Breast Cancer Awareness: the pink marketing ploy

Illustration+by+Mara+Farese
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Breast Cancer Awareness: the pink marketing ploy

Illustration by Mara Farese

Illustration by Mara Farese

Illustration by Mara Farese

Illustration by Mara Farese

Mara Farese

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Mammogram after mammogram, blood test after blood test, chemo round after chemo round–the treatment of breast cancer can be an excruciating process. Unfortunately, breast cancer is the most commonly diagnosed cancer among Greater Bay Area females. A predicted 27,700 cases of breast cancer will change the lives of people living in California in 2019, according to the American Cancer Society.

Throughout the month, we see a national support of breast cancer awareness for the annual “Pink October.” While individuals and organizations use the renowned pink ribbon for a good cause, companies and large corporations leverage its “halo effect.” In business terms, the halo effect is a cognitive bias produced to enforce a positive image on a company, which becomes more of an issue when companies have little to no intention of helping the issue.

Organizations like Zero Breast Cancer, a nonprofit organization stationed in San Rafael that promotes breast cancer risk reduction, have to face this conflict year after year. Program director Lianna Hartmour thinks that local community members can advance the actions we take to support the issue.

“A lot of organizations are focused on awareness this month, and we try not to do that, and instead highlight things that are actionable steps that people can do,” Hartmour said.

Every October, I am bombarded by pink shirts, pink pins, Redwood’s mini pink ribbons and posters on storefronts raising awareness for breast cancer, which raises the question: As breast cancer remains the most prevalent cancer in the bay area, what is all this awareness really doing?

Jennifer Ginsburg, a local breast cancer survivor, has also brought up the same point. After being incorporated into the breast cancer community, she now views campaigns with a more educated perspective.

“Breast Cancer Awareness Month is a wonderful thing because it encourages women to get tested and early detection is key when it comes to breast cancer,” Ginsburg said. “Unfortunately, the Breast Cancer Awareness campaign has put a little bit too much emphasis on consumption and consumerism.”

Ginsburg has noticed an increasing misuse of the symbol for marketing purposes.

“In many cases, companies who put pink ribbons on their products or make a pink version of their product for October in some cases don’t donate any money to breast cancer research based on any sales of the units of those products,” Ginsburg said.

One of the most well-known examples is the annual National Football League (NFL) football game in support of Breast Cancer Awareness, which raises thousands of dollars in revenue from breast cancer awareness events. However, according to Sports Illustrated, they only donate 0.08% of their profits to cancer research. Still, the NFL’s viewers buy their supportive act, including those in our own community. Sophomore Maisie McPeek is a part of the student events committee on campus and through her planning of the breast cancer awareness day, she has recognized examples of marketing misuse in our local environment.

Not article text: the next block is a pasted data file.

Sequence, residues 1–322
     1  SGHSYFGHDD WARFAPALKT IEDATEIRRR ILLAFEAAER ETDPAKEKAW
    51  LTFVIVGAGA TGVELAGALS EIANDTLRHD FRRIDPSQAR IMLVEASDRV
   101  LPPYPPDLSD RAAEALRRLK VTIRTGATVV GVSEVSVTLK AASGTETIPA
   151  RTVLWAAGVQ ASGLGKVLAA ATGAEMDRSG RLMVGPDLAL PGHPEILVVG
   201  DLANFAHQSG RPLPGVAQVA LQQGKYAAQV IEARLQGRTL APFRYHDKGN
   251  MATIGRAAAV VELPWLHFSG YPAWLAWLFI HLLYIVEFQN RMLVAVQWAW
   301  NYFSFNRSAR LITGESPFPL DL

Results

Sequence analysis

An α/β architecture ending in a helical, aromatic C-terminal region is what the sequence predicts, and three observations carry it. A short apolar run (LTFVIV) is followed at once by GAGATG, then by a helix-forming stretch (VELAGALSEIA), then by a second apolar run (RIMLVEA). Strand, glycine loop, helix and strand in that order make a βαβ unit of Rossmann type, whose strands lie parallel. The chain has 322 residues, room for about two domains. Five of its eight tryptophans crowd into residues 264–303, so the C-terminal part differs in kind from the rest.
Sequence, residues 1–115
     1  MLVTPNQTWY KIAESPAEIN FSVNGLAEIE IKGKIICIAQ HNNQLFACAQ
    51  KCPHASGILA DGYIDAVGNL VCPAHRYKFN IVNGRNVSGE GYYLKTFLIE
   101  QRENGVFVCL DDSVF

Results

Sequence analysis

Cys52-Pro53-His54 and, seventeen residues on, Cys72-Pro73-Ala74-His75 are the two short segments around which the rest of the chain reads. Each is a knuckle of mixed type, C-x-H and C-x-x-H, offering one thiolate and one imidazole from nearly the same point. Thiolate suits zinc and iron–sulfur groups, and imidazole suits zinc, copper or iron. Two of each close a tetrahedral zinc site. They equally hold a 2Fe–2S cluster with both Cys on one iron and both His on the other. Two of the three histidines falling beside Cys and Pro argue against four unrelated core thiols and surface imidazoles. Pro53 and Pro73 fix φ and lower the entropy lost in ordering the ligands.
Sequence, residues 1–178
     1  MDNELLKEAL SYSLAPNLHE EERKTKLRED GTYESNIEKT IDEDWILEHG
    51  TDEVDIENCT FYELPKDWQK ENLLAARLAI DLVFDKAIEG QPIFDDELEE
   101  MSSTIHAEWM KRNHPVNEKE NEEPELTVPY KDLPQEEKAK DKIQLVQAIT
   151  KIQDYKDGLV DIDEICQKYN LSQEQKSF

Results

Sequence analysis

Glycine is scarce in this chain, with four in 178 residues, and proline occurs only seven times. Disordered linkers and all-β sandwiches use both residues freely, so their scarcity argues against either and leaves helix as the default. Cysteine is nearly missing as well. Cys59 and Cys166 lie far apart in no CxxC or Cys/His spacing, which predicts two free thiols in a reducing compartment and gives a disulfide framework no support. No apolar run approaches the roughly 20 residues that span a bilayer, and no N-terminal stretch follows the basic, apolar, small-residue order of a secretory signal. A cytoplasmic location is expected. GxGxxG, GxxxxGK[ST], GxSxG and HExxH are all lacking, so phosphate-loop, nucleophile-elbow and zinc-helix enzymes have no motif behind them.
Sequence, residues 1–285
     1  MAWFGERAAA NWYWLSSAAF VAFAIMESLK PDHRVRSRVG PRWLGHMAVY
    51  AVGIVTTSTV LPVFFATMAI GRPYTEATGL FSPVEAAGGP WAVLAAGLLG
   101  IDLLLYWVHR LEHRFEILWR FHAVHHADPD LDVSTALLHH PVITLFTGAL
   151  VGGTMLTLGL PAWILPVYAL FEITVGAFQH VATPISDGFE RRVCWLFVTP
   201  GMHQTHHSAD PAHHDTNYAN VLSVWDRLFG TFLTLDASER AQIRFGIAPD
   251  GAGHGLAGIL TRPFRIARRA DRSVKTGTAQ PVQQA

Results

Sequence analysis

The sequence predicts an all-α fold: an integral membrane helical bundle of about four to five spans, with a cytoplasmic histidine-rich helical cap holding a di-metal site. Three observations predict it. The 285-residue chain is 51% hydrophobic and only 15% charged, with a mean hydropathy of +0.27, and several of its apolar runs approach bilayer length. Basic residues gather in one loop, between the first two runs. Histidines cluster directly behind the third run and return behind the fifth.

“I think I see it mostly with athletics, also like a lot of [televised NFL] players around the month of October will wear their pink shoes or their uniforms will be decked out in pink,” McPeek said. 

A number of students agree. In a self-reported Bark survey, 75% of students agreed that companies take advantage of Breast Cancer Awareness Month when creating advertising campaigns.

The use of breast cancer awareness as a marketing ploy has become so common that it has developed its own term. Pinkwashing, the exploitation of breast cancer to improve profit or public relations, has become an arduous issue ever since the commercialization of the pink ribbon symbol in the 1990’s. Corporations like the NFL that use this symbol often give next to nothing in donation to charities and organizations associated with the breast cancer movement. In some more extreme cases, companies have ironically worsened the breast cancer problem while marketing the spread of awareness. 

Ginsburg has reflected on her increase of consciousness of which companies are benefiting from this advertising strategy. 

“I also found out that there were companies who were promoting products as ‘pink ribbon products’ and some of these products were actually carcinogens, meaning they had links to cancer,” Ginsburg said. “Putting a pink ribbon on a personal product, such as a lotion or soap or perfume, that had petrochemicals in it, that had links to cancer was unthinkable to me.”

Though spreading awareness can be helpful to the breast cancer community, it shouldn’t stop there. Hartmour and the rest of the organization have a mission for this year.

“We [at Zero Breast Cancer] hope that people learn actual items they can implement in their own life or in their own communities because actions are all something that individuals can do, but a lot of issues are more systemic,” Hartmour said. “We try to focus on ways that we can make a difference rather than just noticing or caring about breast cancer.”